20 Irish Start-ups and their Funding
by Guillaume Van Aelst
I came across this article called “20 Irish startups that will rock you the Celtic way!” which, as its name implies, discusses about 20 “emerging technology” start-ups founded between 2008 and 2015 in Ireland through (mostly) Irish funders
I am interested today in analysing the most common type of fund available to start-ups.
Instead of discussing this article as it was, I chose to produce a table out of it to make it more visual.
A few “issues” to keep in mind before showing this table is that:
- The values are sometimes in Euros and sometimes in Dollars but in order to make it easier, I summed them all as Dollars.
- Many (11) funding were undisclosed or still in process.
- The article does not always specify whether the source of the fund is Irish or not.
- No specification as to the number of jobs created through those start-ups.
Here is the table:
As you can see, the most common type of funding for a start-up is the “Seed” with 14 out of the 20 being funded one although the “Series A” & “Series B” seem to be getting higher investments.
Through the available data of these 20 start-ups, we can observe that these received a total of just below $70 million in funding equating to an average of $3.5 million per start-up.
Here is a quick overview of the meaning of the different funding types:
Mix: Used solely for the purpose of this analysis as no type of funding was specified.
Convertible Note: Is a first round loan of money that converts into shares in the future.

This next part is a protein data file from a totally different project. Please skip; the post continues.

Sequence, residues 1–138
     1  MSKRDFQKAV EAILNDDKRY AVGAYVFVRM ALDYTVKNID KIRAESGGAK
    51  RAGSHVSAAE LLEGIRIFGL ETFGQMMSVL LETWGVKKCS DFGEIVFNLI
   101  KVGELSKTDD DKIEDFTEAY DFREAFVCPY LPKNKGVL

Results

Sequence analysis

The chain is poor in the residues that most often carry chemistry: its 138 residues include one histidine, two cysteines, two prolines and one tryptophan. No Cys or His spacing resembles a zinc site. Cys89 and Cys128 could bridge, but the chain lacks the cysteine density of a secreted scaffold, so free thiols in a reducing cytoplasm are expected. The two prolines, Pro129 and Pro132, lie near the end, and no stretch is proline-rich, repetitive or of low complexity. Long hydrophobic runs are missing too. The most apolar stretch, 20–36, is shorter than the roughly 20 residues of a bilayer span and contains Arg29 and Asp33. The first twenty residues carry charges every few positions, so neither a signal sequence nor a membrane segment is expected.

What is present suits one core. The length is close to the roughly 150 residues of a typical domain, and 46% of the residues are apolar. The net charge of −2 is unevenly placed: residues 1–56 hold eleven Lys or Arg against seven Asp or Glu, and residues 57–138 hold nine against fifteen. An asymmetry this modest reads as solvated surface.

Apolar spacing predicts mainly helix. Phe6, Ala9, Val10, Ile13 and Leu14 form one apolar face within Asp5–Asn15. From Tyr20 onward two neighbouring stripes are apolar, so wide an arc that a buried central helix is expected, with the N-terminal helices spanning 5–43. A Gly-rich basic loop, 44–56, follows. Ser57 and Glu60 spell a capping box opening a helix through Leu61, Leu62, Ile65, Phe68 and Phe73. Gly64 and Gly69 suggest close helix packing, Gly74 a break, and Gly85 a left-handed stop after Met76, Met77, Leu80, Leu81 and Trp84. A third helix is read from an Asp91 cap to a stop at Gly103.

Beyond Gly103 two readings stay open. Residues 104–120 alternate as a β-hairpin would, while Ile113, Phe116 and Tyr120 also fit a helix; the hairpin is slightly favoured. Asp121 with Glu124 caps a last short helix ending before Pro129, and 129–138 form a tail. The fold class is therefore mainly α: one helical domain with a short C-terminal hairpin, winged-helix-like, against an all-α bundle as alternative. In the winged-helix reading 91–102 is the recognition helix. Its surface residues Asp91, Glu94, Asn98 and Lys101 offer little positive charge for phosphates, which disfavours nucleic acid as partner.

Seed: Very early stage of investment through which the investor gets an equity stake in the company.
Angel: Is an affluent person investing in start-up(s) in exchange of a convertible debt or ownership equity (Wikipedia, 2015)
Venture: Usually arise after the seed funding, is an investment in exchange for equity in the company.
Series A: Refers to the financing of the company through the selling of “preferred” stock.
Series B: Is the second round of private equity financing. Occurs after specific milestones have been passed.
Awards & Grants: Event such as “Bank of Ireland Startup Awards” (see previous blog) which provides grants in exchange for publicity for example.
Bootstrapped: Avoidance of outside investors though personal credit-card funding for example.
Self-funded: Self-explanatory, when the fund comes out of personal (or familial) sources.
Guillaume Van Aelst.
Korbet, R., 2015. 20 Irish startups that will rock you the Celtic way!. [Online]
Available at: http://www.geektime.com/2015/05/21/20-irish-startups-that-will-rock-you-the-celtic-way/
[Accessed 07 12 2015].
Wikipedia, 2015. Angel investor. [Online]
Available at: https://en.wikipedia.org/wiki/Angel_investor
[Accessed 07 12 2015].